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Cystic fibrosis related low bone density
  1. C S HAWORTH,
  2. A K WEBB
  1. Manchester Adult Cystic Fibrosis Unit
  2. Wythenshawe Hospital
  3. Manchester M23 9LT, UK
  4. Department of Cystic Fibrosis
  5. Royal Brompton Hospital
  6. London SW3 6NP, UK
  7. Department of Medicine
  8. Addenbrooke's Hospital
  9. Cambridge CB2 2QQ, UK
  10. Department of Medicine
  11. Manchester Royal Infirmary
  12. Manchester M13 9WL, UK
    1. S L ELKIN,
    2. M E HODSON
    1. Manchester Adult Cystic Fibrosis Unit
    2. Wythenshawe Hospital
    3. Manchester M23 9LT, UK
    4. Department of Cystic Fibrosis
    5. Royal Brompton Hospital
    6. London SW3 6NP, UK
    7. Department of Medicine
    8. Addenbrooke's Hospital
    9. Cambridge CB2 2QQ, UK
    10. Department of Medicine
    11. Manchester Royal Infirmary
    12. Manchester M13 9WL, UK
      1. J E COMPSTON
      1. Manchester Adult Cystic Fibrosis Unit
      2. Wythenshawe Hospital
      3. Manchester M23 9LT, UK
      4. Department of Cystic Fibrosis
      5. Royal Brompton Hospital
      6. London SW3 6NP, UK
      7. Department of Medicine
      8. Addenbrooke's Hospital
      9. Cambridge CB2 2QQ, UK
      10. Department of Medicine
      11. Manchester Royal Infirmary
      12. Manchester M13 9WL, UK
        1. P L SELBY
        1. Manchester Adult Cystic Fibrosis Unit
        2. Wythenshawe Hospital
        3. Manchester M23 9LT, UK
        4. Department of Cystic Fibrosis
        5. Royal Brompton Hospital
        6. London SW3 6NP, UK
        7. Department of Medicine
        8. Addenbrooke's Hospital
        9. Cambridge CB2 2QQ, UK
        10. Department of Medicine
        11. Manchester Royal Infirmary
        12. Manchester M13 9WL, UK

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          We were interested to read the study by Laursenet al which highlights the important problem of decreased bone mass in the cystic fibrosis population.1The authors found that reduced bone size was primarily responsible for the decreased bone mass observed in patients ⩽19 years old. These results are at variance with the findings of Gibbens and colleagues, who, using quantitative computed tomography, showed that the volumetric (three dimensional) lumbar spine bone density of children with cystic fibrosis was 10% lower (p<0.001) than in local controls.2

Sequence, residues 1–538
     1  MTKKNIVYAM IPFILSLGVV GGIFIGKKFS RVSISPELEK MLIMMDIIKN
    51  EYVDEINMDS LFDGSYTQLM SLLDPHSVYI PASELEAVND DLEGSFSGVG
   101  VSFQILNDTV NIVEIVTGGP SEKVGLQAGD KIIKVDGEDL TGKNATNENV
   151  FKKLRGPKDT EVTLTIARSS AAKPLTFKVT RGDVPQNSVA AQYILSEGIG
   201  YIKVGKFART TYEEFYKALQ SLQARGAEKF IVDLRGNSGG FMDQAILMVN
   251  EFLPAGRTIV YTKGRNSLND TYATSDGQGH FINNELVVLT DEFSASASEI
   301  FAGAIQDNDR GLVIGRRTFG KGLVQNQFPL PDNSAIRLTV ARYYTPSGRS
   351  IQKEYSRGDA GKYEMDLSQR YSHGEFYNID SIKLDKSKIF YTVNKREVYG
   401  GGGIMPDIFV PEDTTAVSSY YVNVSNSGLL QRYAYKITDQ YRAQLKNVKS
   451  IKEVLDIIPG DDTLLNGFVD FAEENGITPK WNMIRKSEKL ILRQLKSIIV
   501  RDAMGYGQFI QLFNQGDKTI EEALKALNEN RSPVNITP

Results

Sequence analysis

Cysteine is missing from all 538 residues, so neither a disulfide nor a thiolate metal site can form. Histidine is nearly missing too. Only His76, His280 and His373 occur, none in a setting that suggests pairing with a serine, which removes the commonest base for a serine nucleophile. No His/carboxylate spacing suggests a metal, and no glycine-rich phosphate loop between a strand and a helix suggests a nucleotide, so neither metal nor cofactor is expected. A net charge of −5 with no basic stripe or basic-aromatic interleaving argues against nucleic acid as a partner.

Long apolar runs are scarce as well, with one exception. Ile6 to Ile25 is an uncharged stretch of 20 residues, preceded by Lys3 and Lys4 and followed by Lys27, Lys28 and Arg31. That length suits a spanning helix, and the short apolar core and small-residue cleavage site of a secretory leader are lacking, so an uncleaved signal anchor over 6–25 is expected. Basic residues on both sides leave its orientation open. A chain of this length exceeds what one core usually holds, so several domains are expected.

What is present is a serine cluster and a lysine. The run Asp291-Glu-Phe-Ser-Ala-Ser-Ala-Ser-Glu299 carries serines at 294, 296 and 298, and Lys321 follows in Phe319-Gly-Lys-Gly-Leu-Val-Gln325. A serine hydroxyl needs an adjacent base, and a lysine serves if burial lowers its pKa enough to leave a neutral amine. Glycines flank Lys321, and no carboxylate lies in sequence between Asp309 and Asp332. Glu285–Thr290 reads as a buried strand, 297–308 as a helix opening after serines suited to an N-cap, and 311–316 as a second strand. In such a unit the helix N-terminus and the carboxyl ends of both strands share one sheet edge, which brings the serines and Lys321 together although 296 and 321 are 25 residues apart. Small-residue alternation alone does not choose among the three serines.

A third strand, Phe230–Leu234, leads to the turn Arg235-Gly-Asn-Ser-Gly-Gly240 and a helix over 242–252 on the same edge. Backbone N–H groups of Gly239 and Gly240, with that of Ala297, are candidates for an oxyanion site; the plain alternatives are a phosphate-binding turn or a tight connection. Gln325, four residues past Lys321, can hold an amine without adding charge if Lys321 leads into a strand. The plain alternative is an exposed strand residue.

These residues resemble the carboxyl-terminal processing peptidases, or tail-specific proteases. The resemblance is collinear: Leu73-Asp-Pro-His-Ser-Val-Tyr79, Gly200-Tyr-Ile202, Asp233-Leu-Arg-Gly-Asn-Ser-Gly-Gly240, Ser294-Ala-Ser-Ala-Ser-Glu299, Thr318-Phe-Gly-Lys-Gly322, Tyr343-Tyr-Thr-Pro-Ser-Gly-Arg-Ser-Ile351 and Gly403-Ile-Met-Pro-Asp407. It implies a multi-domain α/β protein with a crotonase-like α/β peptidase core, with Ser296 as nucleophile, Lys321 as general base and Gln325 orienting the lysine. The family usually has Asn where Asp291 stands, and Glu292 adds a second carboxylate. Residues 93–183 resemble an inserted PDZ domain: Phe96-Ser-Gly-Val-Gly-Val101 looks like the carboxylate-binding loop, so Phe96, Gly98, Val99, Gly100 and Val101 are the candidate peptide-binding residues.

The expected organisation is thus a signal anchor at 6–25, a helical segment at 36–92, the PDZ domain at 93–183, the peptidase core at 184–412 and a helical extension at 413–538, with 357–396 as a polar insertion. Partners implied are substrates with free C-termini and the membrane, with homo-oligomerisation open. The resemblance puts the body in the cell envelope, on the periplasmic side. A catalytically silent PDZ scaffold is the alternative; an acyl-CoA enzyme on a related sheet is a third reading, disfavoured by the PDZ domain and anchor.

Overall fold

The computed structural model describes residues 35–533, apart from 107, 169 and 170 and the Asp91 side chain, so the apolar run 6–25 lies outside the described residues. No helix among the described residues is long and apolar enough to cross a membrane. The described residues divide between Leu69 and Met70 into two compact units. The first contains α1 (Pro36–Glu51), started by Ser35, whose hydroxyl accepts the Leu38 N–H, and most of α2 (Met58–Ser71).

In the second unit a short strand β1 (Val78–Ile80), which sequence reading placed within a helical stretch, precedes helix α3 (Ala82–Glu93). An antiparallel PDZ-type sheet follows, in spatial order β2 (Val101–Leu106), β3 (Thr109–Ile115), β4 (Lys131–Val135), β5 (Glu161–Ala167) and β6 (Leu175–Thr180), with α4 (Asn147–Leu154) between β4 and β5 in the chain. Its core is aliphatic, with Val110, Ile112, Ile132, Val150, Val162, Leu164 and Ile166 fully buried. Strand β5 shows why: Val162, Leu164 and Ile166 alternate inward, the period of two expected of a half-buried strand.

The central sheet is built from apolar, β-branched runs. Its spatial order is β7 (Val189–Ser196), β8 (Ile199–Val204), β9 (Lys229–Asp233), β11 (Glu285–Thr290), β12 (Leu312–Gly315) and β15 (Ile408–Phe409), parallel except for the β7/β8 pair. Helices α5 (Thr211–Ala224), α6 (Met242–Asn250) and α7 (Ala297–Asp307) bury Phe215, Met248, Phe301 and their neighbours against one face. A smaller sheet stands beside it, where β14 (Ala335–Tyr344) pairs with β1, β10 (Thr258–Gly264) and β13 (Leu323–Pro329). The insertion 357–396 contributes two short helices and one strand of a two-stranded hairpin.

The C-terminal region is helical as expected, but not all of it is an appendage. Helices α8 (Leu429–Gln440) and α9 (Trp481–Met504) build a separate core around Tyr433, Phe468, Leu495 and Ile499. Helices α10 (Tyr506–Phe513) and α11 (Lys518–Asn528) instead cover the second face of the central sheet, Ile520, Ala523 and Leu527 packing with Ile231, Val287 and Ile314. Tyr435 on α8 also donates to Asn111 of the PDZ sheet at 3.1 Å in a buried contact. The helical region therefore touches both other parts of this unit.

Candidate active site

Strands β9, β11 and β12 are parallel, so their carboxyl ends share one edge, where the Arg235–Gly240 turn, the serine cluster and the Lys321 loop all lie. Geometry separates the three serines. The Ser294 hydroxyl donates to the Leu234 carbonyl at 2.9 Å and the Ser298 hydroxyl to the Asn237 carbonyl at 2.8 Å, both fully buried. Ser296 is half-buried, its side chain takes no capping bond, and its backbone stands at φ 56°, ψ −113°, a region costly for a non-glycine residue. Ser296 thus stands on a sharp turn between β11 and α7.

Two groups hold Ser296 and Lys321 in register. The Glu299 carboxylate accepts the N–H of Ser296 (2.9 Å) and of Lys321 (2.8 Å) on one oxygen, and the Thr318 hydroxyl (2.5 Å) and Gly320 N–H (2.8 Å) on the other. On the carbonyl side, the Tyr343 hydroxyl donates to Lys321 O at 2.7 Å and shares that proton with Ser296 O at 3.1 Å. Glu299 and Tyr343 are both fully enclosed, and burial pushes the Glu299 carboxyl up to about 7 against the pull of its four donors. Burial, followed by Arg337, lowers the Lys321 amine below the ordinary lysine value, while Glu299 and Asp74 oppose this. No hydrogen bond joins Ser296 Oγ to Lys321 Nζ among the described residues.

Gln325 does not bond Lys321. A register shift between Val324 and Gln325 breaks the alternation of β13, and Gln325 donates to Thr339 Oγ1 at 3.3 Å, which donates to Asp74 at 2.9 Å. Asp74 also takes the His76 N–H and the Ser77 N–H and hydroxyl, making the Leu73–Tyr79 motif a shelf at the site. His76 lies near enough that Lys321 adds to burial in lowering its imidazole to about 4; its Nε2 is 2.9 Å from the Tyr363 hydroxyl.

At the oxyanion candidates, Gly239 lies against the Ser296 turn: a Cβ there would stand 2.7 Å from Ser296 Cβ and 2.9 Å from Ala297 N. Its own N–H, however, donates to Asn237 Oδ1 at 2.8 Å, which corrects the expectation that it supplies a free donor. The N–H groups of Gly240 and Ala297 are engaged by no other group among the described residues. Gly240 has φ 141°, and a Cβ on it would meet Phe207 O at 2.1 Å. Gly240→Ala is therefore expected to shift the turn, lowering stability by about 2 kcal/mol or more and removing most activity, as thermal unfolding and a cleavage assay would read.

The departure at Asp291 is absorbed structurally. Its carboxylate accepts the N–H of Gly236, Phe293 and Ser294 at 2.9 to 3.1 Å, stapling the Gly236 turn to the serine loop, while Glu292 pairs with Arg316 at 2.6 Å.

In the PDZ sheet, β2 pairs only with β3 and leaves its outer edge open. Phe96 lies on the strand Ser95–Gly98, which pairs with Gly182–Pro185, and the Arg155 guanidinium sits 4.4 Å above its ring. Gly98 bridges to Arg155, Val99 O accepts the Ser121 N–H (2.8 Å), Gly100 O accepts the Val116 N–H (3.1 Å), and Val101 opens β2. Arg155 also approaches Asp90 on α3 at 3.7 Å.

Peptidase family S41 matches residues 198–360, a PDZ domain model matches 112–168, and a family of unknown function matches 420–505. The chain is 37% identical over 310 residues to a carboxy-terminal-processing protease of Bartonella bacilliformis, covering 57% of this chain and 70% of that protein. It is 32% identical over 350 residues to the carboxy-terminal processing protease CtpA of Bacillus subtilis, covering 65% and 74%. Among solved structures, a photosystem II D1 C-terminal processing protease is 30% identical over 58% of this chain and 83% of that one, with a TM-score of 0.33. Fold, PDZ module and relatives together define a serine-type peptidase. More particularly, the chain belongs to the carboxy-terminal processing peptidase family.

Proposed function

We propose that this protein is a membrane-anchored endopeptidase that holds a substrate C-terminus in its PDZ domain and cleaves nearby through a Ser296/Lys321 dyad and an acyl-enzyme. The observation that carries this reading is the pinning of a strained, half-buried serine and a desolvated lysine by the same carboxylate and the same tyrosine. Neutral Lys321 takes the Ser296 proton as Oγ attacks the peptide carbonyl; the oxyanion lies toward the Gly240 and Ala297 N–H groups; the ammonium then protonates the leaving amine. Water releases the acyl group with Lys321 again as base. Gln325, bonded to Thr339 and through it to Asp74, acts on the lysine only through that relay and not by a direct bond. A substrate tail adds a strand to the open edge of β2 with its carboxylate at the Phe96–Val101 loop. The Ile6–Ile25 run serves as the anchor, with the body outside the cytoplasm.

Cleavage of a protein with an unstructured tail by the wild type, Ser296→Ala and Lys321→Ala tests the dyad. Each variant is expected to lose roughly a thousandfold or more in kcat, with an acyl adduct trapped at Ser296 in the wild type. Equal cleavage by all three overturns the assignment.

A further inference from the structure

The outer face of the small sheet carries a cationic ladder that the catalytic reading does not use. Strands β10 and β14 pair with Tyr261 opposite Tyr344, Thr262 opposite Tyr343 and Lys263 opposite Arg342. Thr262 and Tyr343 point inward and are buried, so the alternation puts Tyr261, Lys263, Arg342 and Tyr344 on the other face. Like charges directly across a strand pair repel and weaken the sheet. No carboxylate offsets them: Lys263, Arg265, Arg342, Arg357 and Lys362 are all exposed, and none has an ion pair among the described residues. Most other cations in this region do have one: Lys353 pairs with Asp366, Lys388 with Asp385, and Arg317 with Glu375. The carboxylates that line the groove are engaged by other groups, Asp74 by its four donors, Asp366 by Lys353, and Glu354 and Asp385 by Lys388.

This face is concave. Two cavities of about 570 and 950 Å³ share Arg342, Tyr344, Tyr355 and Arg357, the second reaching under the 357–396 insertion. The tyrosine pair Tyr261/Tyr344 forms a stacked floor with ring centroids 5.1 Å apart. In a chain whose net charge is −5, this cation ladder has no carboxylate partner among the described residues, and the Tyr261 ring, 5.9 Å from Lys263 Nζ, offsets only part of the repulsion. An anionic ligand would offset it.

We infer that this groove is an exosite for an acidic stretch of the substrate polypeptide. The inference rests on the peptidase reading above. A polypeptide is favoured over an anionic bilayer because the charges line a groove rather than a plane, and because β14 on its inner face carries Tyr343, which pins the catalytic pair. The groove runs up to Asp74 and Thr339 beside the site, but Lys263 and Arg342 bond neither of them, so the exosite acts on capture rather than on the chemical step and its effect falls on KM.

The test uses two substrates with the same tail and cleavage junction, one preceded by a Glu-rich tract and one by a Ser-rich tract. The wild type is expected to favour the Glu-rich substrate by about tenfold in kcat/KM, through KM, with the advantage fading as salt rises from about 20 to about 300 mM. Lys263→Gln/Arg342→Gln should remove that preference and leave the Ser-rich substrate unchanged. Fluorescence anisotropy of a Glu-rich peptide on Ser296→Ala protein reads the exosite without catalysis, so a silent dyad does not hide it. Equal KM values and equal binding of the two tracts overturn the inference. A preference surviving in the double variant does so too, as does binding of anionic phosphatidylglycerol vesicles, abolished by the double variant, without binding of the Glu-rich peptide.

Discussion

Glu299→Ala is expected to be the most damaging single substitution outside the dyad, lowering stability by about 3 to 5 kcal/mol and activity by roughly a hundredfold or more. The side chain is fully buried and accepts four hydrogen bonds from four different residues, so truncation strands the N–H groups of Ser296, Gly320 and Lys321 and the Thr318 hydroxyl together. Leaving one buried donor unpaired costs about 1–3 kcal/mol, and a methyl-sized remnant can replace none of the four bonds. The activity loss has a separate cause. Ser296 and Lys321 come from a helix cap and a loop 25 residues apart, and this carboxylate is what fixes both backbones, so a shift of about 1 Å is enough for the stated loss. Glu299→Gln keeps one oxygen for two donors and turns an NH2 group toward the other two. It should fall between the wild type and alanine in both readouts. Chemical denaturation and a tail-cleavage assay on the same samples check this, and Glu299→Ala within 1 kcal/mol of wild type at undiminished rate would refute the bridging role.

Although these contrasting results may partially reflect true differences in bone mass between the study populations, they may also be due to regional differences in bone mass. In addition, quantitative computed tomography measurements in the spine are confined to cancellous bone whereas total body dual energyx ray absorptiometry measurements, as used by Laursen et al,1predominantly reflect cortical bone. Both measurements are therefore useful, but contribute differently to our knowledge of the skeleton. Another more recent study supports the fact that the reduced areal (two dimensional) bone mass density documented in young patients with cystic fibrosis is due to a combination of decreased volumetric bone mass density and reduced bone size, rather than reduced bone size alone.3 We would therefore suggest that it is important to monitor the skeletal health of patients with cystic fibrosis (starting in childhood), ideally by performing annual bone densitometry. As fractures involving trabecular sites such as the ribs and spine are more prevalent in adults with cystic fibrosis than in the general population,4 regional rather than total body bone mass density assessments should be performed to more accurately assess fracture risk.

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